Social Psychiatry and Psychiatric Epidemiology

, Volume 25, Issue 5, pp 235–243 | Cite as

Self-esteem and depression

III. Aetiological issues
  • G. W. Brown
  • A. Bifulco
  • B. Andrews


This is the last of a series of three papers dealing with the role of self-esteem in the onset of clinical depression. On the basis of a longitudinal population enquiry a comprehensive psychosocial model of depression is developend. It is concluded that self-esteem (primarily in terms of a negative measure) does play a significant role. However, this can be only properly interpreted in the light of the full model. This highlights: 1. the importance of the occurrence of both a negative enviromental factor (negative interaction with children or husband for married or negative interaction with children or lack of a very close tie for single mothers)and a negative psychological factor (low self-esteem or chronic subclinical condition); and 2. how a relatively small group of high risk women in these terms (23% of total at risk based on measures collected well of onset of depression occurring over a 12 month period.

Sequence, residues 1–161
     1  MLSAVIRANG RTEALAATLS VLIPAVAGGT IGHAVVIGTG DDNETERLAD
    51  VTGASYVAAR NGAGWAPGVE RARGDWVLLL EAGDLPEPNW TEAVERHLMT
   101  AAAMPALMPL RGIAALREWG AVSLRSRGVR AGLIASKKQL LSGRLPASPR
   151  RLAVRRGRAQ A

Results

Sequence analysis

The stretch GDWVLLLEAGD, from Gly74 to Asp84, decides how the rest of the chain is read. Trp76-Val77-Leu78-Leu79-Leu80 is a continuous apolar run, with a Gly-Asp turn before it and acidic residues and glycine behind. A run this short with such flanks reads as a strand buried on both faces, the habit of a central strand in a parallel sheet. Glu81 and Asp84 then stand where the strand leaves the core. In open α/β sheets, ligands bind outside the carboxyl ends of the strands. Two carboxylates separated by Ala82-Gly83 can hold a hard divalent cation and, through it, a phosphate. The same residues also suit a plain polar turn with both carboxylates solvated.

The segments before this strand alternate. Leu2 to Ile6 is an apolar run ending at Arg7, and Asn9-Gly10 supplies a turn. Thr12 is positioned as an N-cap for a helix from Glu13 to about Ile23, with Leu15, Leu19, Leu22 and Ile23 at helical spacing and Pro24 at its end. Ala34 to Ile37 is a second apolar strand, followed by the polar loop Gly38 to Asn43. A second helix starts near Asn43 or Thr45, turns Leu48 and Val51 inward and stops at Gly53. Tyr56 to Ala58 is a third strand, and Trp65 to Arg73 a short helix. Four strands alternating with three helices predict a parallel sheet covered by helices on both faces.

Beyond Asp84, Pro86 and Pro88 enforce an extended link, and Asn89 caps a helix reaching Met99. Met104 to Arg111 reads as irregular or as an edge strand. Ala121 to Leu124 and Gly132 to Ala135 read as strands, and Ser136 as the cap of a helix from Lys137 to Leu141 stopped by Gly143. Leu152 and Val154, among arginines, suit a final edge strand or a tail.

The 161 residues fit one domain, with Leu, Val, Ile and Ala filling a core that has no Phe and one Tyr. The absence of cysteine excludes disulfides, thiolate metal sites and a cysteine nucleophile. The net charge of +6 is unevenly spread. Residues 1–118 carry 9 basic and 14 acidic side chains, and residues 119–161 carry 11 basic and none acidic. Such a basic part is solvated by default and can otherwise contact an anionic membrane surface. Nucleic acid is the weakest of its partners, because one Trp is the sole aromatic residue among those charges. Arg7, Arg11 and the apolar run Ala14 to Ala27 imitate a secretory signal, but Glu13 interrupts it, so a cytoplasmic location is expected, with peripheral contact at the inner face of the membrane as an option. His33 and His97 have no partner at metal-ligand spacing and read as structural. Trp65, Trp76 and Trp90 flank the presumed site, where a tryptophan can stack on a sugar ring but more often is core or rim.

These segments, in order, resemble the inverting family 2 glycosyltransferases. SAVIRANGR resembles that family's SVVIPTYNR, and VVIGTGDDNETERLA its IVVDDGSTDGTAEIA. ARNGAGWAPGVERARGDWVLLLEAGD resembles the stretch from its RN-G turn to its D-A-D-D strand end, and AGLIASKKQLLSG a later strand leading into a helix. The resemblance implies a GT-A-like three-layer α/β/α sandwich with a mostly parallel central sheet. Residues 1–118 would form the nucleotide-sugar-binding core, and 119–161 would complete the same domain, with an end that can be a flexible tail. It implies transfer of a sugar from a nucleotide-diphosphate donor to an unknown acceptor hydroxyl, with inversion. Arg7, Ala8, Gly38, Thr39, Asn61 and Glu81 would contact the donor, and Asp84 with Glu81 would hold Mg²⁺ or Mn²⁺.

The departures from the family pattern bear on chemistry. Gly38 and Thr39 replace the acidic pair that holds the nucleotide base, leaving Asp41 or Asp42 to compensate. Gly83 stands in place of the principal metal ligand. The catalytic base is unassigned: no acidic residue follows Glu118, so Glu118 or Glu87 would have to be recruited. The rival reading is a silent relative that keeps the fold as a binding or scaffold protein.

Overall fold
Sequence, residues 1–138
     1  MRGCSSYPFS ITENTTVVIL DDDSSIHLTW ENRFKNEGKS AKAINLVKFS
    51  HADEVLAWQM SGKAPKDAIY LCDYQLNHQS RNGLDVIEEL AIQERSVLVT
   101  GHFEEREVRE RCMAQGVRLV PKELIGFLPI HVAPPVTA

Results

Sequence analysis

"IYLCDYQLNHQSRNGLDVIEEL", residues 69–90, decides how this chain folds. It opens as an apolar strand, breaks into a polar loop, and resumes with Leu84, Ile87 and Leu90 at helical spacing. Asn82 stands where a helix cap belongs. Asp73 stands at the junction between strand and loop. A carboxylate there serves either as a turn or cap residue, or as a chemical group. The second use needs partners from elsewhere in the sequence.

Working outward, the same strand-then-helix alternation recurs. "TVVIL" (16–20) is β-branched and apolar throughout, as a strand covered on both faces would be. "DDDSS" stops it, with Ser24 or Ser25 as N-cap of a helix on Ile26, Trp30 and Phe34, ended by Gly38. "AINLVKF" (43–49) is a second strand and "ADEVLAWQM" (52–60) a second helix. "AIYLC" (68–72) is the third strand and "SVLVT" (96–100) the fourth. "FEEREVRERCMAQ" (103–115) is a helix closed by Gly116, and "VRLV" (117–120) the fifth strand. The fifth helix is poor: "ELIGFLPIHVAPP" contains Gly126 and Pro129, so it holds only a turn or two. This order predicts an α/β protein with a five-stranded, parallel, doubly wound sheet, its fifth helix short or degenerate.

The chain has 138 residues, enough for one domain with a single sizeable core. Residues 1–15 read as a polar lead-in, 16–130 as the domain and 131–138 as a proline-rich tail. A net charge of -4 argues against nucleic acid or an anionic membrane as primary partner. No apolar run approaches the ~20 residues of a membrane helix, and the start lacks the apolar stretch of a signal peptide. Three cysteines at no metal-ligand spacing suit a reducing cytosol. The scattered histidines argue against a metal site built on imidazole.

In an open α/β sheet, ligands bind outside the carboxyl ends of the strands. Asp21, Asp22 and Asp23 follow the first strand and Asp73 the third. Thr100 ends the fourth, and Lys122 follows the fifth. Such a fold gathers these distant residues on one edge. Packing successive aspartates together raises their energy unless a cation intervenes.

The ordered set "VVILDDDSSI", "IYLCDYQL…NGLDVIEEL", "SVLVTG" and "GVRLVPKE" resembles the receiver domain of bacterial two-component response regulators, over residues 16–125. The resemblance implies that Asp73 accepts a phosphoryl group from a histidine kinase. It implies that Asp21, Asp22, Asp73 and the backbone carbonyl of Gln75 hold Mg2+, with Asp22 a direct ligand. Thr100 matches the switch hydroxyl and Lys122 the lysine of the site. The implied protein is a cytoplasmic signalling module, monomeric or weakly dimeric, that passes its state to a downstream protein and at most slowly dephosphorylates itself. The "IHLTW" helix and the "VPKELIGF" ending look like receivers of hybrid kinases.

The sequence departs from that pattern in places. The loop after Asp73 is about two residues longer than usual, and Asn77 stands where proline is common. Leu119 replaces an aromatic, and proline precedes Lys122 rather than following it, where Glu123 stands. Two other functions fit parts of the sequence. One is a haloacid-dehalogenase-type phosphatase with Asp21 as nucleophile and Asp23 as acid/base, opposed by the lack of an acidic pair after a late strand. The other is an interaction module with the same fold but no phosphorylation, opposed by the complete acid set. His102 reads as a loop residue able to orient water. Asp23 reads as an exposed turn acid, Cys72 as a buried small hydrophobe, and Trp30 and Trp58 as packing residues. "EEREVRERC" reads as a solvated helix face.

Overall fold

Public Health High Risk Significant Role Small Group Clinical Depression 
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Copyright information

© Springer-Verlag 1990

Authors and Affiliations

  • G. W. Brown
    • 1
  • A. Bifulco
    • 1
  • B. Andrews
    • 1
  1. 1.Department of Social Policy and Social Science Royal Holloway and Bedford New CollegeUniversity of LondonLondonEngland

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